Reliable data movement


Service Broker provides asynchronous and reliable data movement. It supports TSQL programming model built on SQL Server database engine. Please refer to the following link for the detail information about Service Broker [http://technet.microsoft.com/en-us/sqlserver/bb671396.aspx].


The data integration service uses multiple conversations for message delivery to increase throughput. Using multiple dialogs brings the data parallelism on the receiving side. Multiple threads can receive and process the messages in the dialogs independently. However, initiating the conversations brings load to a system. Therefore right amounts of conversations should be chosen smartly. In the real time data integration demo we choose four conversations for processing the messages with high throughput. In the real time data integration service we initiate four dialogs, and store them onto a table. The demo uses the dialogs for sending messages about changed data information. Please refer to the following code block for the dialog creation.  The following code blocks present the procedure for sending an XML message using Service Broker. The procedure uses the four conversations evenly distributed messages based on the sales order ID ( SET @dialogHandleID = @salesOrderID % 4) . Because messages for the same sales order ID are delivered in a single conversation it is guaranteed that the messages are delivered exactly once in order manner.


CREATE PROCEDURE SendChanges


AS


BEGIN


DECLARE @last_sync_version bigint;


DECLARE @salesOrderID bigint;


DECLARE @dialogHandleID INT;


DECLARE @dialogHandle uniqueidentifier;


DECLARE @changeReportXML XML;


DECLARE @next_baseline bigint;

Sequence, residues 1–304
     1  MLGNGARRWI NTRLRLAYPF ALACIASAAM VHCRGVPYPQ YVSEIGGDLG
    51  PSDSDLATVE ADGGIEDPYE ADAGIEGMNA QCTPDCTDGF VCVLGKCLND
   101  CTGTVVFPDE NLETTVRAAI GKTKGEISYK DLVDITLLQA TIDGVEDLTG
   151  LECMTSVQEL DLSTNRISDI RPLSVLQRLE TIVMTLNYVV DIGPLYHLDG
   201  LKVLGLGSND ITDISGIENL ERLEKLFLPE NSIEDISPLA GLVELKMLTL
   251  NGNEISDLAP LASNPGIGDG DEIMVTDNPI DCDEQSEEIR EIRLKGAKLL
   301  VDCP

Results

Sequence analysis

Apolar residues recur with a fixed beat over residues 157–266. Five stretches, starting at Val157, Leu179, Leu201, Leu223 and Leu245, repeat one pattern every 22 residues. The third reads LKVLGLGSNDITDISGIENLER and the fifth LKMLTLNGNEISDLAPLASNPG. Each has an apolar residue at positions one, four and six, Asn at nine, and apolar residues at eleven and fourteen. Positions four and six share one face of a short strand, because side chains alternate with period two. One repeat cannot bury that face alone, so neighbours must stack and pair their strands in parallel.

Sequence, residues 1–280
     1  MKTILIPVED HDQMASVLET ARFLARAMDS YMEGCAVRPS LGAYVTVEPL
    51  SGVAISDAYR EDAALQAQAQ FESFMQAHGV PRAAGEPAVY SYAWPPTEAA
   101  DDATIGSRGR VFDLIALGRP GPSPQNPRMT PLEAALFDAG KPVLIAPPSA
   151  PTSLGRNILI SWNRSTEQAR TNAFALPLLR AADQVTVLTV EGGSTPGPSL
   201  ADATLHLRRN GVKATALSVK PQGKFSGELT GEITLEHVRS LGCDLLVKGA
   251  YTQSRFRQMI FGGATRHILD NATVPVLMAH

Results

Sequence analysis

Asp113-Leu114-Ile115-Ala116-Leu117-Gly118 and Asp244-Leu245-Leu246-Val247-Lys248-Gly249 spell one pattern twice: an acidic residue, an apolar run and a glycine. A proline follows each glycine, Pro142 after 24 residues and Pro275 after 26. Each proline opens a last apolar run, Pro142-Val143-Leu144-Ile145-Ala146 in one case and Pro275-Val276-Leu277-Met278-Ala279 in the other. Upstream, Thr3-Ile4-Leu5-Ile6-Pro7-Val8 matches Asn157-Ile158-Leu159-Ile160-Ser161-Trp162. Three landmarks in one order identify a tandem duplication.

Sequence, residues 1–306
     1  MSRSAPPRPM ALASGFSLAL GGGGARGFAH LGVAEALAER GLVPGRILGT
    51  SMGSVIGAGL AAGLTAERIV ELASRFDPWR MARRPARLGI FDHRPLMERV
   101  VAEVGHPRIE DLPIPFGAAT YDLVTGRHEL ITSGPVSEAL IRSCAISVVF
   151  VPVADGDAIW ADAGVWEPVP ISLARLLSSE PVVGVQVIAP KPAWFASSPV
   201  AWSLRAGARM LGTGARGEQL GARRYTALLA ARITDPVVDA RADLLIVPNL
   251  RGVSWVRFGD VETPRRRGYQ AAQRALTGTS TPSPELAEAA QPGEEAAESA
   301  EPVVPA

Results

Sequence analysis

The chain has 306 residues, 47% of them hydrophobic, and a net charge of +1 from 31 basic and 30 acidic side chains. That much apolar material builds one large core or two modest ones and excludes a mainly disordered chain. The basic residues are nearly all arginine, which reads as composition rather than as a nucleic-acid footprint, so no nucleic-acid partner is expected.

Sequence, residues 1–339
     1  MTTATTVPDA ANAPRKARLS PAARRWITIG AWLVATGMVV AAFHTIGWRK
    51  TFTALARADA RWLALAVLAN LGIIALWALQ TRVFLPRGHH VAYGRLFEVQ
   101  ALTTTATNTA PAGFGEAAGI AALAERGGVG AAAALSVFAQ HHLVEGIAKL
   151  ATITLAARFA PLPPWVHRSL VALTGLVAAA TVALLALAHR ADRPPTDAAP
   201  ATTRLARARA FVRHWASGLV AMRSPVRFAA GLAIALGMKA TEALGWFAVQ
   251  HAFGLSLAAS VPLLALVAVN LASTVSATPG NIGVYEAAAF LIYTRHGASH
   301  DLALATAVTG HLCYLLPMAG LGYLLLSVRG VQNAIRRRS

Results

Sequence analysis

DECLARE @TotalDialogs INT;


DECLARE @logMsg VARCHAR(MAX);


BEGIN TRANSACTION;


SELECT TOP (1) @last_sync_version = lastVersion


FROM LastVersion;


SET @TotalDialogs = 4;


–Create a cursor on the change table for [SalesOrderHeader]


DECLARE cursorChangeOrderHeader


CURSOR FORWARD_only READ_ONLY


FOR SELECT SalesOrderID FROM


CHANGETABLE (


CHANGES [SalesOrderHeader], @last_sync_version) AS Cursor_CH


ORDER BY SYS_CHANGE_VERSION;


–Open the cursor on the change table for [SalesOrderHeader]


–Loop for each changed sales order id


OPEN cursorChangeOrderHeader


WHILE(1=1)


BEGIN


FETCH NEXT FROM cursorChangeOrderHeader INTO @salesOrderID;


–If there is no more changed sales order then exit


IF (@@FETCH_STATUS != 0) BREAK;


–<Fetching changed data and creating XML file.>


–<Please refer to the code block on section 2.a.1.>


–Find the conversation handle for the sales order


–from the dialog handle table


SET @dialogHandleID = @salesOrderID % @TotalDialogs;


SELECT @dialogHandle = dialogHandle


FROM DialogHandles


WHERE ID = @dialogHandleID;


–Capture last version info


SELECT @next_baseline = SYS_CHANGE_VERSION


FROM CHANGETABLE (


CHANGES[AdventureWorks].[Sales].[SalesOrderHeader],


@last_sync_version) as c_soh


WHERE @salesOrderID = SalesOrderID;


–Send the message using Broker


SEND ON CONVERSATION @dialogHandle


MESSAGE TYPE [RealTimeDImessagetype](@changeReportXML);


END


CLOSE cursorChangeOrderHeader;


DEALLOCATE cursorChangeOrderHeader;


UPDATE LastVersion SET lastVersion = @next_baseline;


COMMIT;


END;


Activation